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Which Substances Kill the Most in Oklahoma

Posted by Joe Gilmore on Dec 13, 2018 8:00:00 AM

 

According to the 2017 United Nations Drug Report, five percent of the global population used drugs at least once in 2015 and 29.5 million of those drug users suffer from some type of substance abuse disorder. Drugs and substance abuse is a global problem that impacts millions, but the United States is one of the countries at the forefront of this drug epidemic.

 

Drug overdose death rates in the United States have consistently risen since 1999. New data from the Center for Disease Control shows that not only the number of drug overdoses continued to rise in 2017 but the rate of deaths per 100,000 increased. In 1999 the death rate from drug overdoses was 6.1 deaths per 100,000, in 2017 that number increased by 360 percent to 21.7 deaths.

 

While the number and rate f drug overdoses has continued to rise, the pattern of drugs involved in these deaths has changed over recent years. Since 2013, drug overdose deaths that involve synthetic opioids has spiked, increasing by 45 percent just from 2016 to 2017. Similarly, deaths attributed to heroin and natural and semi-synthetic opioids have consistently risen over the past decade or more, however they didn’t change from 2016 to 2017.

 

 

Substance Abuse in Oklahoma

Pills coming out of a bottle-Prescription drugs are causing a lot of havoc in Oklahoma

Oklahoma is one state in the country that has been hit harder by the drug epidemic than a lot of others. The most recent data from the Center for Disease Control, shows that from 2015 to 2016 Oklahoma was one of the about 25 states that saw a significant increase in its drug overdose death rates. Oklahoma’s rate increased by 13.2 percent during that time.

 

Similarly, the drug overdose death rate in Oklahoma, specifically the southeastern portion of the state, is significantly higher than other parts of the country. There are some drugs in particular that have had a stronger effect on the state than others. The drugs that lead the state in death toll over the past decade include: methamphetamine, oxycodone, alcohol, and alprazolam. Alcohol treatment and drug treatment are incredibly important in Oklahoma as the death toll related to overdose increases each year.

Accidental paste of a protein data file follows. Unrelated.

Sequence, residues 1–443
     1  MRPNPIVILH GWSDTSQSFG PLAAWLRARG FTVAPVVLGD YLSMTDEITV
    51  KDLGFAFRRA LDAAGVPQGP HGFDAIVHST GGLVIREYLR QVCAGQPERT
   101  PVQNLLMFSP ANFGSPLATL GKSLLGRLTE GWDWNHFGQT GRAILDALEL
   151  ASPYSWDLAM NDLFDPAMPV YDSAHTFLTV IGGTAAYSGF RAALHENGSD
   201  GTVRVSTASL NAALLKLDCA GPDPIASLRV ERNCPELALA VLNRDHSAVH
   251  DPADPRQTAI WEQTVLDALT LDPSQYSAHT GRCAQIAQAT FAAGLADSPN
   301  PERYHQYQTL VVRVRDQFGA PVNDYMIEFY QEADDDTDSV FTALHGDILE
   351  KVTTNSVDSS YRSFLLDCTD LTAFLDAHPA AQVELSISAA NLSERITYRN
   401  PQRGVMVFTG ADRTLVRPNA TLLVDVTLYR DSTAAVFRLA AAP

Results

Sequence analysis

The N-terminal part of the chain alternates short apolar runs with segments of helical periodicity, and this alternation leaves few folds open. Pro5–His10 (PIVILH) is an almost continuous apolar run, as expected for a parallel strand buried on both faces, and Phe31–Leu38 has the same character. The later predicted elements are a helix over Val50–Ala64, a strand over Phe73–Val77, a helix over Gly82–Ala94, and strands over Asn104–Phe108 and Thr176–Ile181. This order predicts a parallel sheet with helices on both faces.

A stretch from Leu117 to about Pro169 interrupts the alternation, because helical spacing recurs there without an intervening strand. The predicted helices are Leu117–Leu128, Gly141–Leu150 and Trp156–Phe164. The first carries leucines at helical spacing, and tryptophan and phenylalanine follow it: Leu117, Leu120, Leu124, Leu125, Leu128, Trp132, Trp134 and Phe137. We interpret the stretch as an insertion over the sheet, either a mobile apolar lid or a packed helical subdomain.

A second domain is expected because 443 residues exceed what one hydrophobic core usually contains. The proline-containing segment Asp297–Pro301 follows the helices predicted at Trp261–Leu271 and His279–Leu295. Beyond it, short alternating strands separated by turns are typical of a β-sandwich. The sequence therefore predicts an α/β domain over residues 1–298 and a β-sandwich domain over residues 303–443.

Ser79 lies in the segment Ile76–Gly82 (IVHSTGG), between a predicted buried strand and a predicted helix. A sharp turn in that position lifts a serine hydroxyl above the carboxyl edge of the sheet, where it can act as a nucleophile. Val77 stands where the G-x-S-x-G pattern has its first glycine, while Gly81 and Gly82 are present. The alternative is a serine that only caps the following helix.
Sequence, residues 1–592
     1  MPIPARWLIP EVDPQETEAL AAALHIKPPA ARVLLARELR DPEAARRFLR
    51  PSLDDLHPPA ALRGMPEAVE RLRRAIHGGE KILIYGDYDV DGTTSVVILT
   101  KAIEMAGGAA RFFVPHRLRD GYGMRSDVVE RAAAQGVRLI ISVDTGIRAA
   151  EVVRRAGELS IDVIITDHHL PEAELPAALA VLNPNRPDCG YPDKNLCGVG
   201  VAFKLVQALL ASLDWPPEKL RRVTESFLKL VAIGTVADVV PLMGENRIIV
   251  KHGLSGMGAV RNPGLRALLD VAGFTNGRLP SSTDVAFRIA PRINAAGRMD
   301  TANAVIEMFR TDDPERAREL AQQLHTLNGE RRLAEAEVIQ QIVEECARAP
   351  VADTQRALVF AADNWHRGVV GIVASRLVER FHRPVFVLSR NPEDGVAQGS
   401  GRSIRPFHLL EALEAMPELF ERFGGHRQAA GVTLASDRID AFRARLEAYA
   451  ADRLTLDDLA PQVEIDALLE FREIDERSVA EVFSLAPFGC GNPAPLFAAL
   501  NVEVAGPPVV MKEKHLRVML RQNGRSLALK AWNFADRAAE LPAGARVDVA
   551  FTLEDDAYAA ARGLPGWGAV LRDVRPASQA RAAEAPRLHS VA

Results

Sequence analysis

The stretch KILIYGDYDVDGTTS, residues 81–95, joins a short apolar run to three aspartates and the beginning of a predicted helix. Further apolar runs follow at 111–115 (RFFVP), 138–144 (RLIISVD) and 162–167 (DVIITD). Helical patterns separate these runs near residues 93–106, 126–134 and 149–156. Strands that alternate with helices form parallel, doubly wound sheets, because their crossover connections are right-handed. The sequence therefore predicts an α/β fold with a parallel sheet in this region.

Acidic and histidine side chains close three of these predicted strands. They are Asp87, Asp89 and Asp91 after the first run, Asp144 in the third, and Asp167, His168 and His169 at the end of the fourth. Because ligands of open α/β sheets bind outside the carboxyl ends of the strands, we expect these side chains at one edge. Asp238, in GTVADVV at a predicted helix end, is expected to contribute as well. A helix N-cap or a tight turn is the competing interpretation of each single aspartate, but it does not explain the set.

Oxycodone

Oklahoma has a problem with oxycodone. It is one of the drug that kills the most people in the state, it accounted for 126 deaths in 2016 and almost 1400 deaths since 2007. This means that from 2007 to 2016, oxycodone has been involved in over 20 percent of all drug-related deaths in Oklahoma.

 

Oxycodone is a semi-synthetic narcotic analgesic which means it is used to control pain. It has historically been a popular drug of abuse among the narcotic abusing population and is synthesized from the poppy plant.

 

Oxycodone often comes as a prescription known most commonly as OxyContin in 10, 20, 40, and 80 milligram extended-release tablets. It is taken orally or intravenously. The tablets would be crushed and sniffed or dissolved in water and injected.

 

Euphoria and relaxation are the two most common effects of oxycodone in the brain which is why it has high potential for abuse.

 

Some physiological effects of oxycodone include:

 

  • Pain relief
  • Sedation
  • Respiratory depression
  • Constipation

 

Extended use of the drug can also cause severe liver damage. It is possible to overdose on oxycodone in which case users would experience:

 

  • Muscle weakness
  • Confusion
  • Shallow breathing
  • Fainting
  • Coma
  • Possible death

 

Methamphetamines

Methamphetamine is a highly-addictive stimulant that affects the central nervous system in the body.

 

It is a synthetic drug that is commonly manufactured in clandestine laboratories. Many mexican drug trafficking organizations have become the primary manufacturers and distributors of the drugs across cities in the United States and even in Hawaii. Oklahoma is one state that has become victim to the effects and increased trafficking of the drug. In fact, methamphetamine deaths in the state has steadily increased over the past decade.